reveal the organic nature of the disorder (Joint Royal Colleges’ Report
    1996: CR54).

    He refers to his work on vitamin levels without mentioning his disparaging
    dismissal of vitamin supplementation or his unsupported conclusion that
    “many” people with “CFS” are taking vitamin B supplementation with no
    evidence of benefit (JRSM 1999:92:183-185).

    Wessely concedes that he has changed his “writing style” but does not
    appear to comprehend the extent to which his earlier published views are
    perceived almost universally as being denigratory and sometimes mocking (as
    is to be found, for example, in the audiotape and his own notes for his
    1994 Eliot Slater lecture), nor does he mention the harm in the form of
    medical rejection and dismissal, as well as the financial hardship, that
    have resulted from the widespread adoption of his views by the medical
    fraternity, government departments and private health insurers.

    Indeed, he entirely fails to mention his published views, for example:
    “neurasthenia would readily suffice for ME”; “It seems that ME sufferers
    prefer to feel that they have a ‘real’ disease – it is better for their
    self-esteem”; “many patients become…over-sensitised to physical
    sensations”; “Blaming symptoms on a viral infection conveys certain
    advantages, irrespective of its validity…It is also beneficial to
    self-esteem by protecting the individual from guilt and blame”; that
    patients obtain “secondary gain” by “adopting the sick role”; that “fear of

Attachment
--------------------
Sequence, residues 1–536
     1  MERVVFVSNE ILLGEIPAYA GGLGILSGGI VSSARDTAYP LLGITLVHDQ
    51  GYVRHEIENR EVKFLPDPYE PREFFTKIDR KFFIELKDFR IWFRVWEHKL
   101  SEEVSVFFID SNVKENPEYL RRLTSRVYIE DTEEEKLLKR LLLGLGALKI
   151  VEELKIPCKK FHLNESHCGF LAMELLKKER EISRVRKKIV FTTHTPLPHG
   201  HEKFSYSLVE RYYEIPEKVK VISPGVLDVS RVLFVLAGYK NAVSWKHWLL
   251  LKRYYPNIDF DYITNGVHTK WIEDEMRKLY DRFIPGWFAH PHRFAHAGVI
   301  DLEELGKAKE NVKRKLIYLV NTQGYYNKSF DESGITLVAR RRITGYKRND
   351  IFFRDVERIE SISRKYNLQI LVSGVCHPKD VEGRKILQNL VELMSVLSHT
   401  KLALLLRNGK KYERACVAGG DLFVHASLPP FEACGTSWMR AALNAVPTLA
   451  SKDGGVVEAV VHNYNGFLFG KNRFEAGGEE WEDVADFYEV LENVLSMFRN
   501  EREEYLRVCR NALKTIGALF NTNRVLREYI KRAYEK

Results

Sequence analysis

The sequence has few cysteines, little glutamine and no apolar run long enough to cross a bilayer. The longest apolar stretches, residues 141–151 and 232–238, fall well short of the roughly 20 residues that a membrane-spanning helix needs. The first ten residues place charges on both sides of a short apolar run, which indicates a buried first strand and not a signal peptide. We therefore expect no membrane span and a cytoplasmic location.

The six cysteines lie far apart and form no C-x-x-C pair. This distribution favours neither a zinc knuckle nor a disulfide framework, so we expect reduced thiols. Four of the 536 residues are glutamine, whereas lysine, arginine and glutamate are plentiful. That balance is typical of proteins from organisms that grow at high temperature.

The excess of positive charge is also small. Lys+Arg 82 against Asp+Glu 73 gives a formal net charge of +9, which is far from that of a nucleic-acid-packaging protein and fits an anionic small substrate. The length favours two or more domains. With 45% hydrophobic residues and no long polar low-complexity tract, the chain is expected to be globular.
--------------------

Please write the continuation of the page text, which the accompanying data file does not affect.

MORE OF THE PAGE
illness is an important part of (the disorder)”; that patients are not
    suffering from any organic disorder because he believes their symptoms have
    no anatomical or physiological basis; that “The term ME may mislead
    patients into believing they have a serious and specific pathological
    process” and that “Several studies (often Wessely’s own) suggest that poor
    outcome is associated with social, psychological and cultural factors”.

    Wessely says in his account of his involvement with “CFS”: “I remain proud
    of the work myself and colleagues did in the early days of CFS…But there
    has been a downside”, and here he appears to seek sympathy from his readers
    by referring to alleged threats made to him by “activists”.

    He continues: “Right from the start, myself and all my colleagues had from
    the start (sic) been targeted by a small group of activists who (sic)
    mission was, and still is, to impede our work in as much as they are able.
    Thankfully… they haven’t succeeded and won’t”.

    He goes on to say: “ I do not blame those who repeat some of the things
    they have read about me….I feel however differently towards those who
    originally extracted or altered the quotes, and persist in doing so over
    the years despite knowing that these are wrong”.